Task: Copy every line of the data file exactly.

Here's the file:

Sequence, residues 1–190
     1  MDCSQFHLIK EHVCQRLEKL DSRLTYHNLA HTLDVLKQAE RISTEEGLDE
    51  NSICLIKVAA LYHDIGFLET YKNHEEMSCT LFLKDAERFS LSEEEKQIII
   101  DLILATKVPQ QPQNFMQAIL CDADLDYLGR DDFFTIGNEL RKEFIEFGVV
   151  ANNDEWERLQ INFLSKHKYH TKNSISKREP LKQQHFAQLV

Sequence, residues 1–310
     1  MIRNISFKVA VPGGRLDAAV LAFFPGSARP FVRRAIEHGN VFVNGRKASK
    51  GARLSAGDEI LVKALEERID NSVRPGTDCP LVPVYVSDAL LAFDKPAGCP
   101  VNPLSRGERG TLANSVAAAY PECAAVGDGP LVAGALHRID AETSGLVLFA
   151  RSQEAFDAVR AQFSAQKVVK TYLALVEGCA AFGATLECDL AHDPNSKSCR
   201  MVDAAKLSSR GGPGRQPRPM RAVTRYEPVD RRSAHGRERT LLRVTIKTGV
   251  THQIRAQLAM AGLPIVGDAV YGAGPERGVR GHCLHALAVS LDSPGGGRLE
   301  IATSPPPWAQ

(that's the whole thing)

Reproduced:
Sequence, residues 1–190
     1  MDCSQFHLIK EHVCQRLEKL DSRLTYHNLA HTLDVLKQAE RISTEEGLDE
    51  NSICLIKVAA LYHDIGFLET YKNHEEMSCT LFLKDAERFS LSEEEKQIII
   101  DLILATKVPQ QPQNFMQAIL CDADLDYLGR DDFFTIGNEL RKEFIEFGVV
   151  ANNDEWERLQ INFLSKHKYH TKNSISKREP LKQQHFAQLV

Sequence, residues 1–310
     1  MIRNISFKVA VPGGRLDAAV LAFFPGSARP FVRRAIEHGN VFVNGRKASK
    51  GARLSAGDEI LVKALEERID NSVRPGTDCP LVPVYVSDAL LAFDKPAGCP
   101  VNPLSRGERG TLANSVAAAY PECAAVGDGP LVAGALHRID AETSGLVLFA
   151  RSQEAFDAVR AQFSAQKVVK TYLALVEGCA AFGATLECDL AHDPNSKSCR
   201  MVDAAKLSSR GGPGRQPRPM RAVTRYEPVD RRSAHGRERT LLRVTIKTGV
   251  THQIRAQLAM AGLPIVGDAV YGAGPERGVR GHCLHALAVS LDSPGGGRLE
   301  IATSPPPWAQ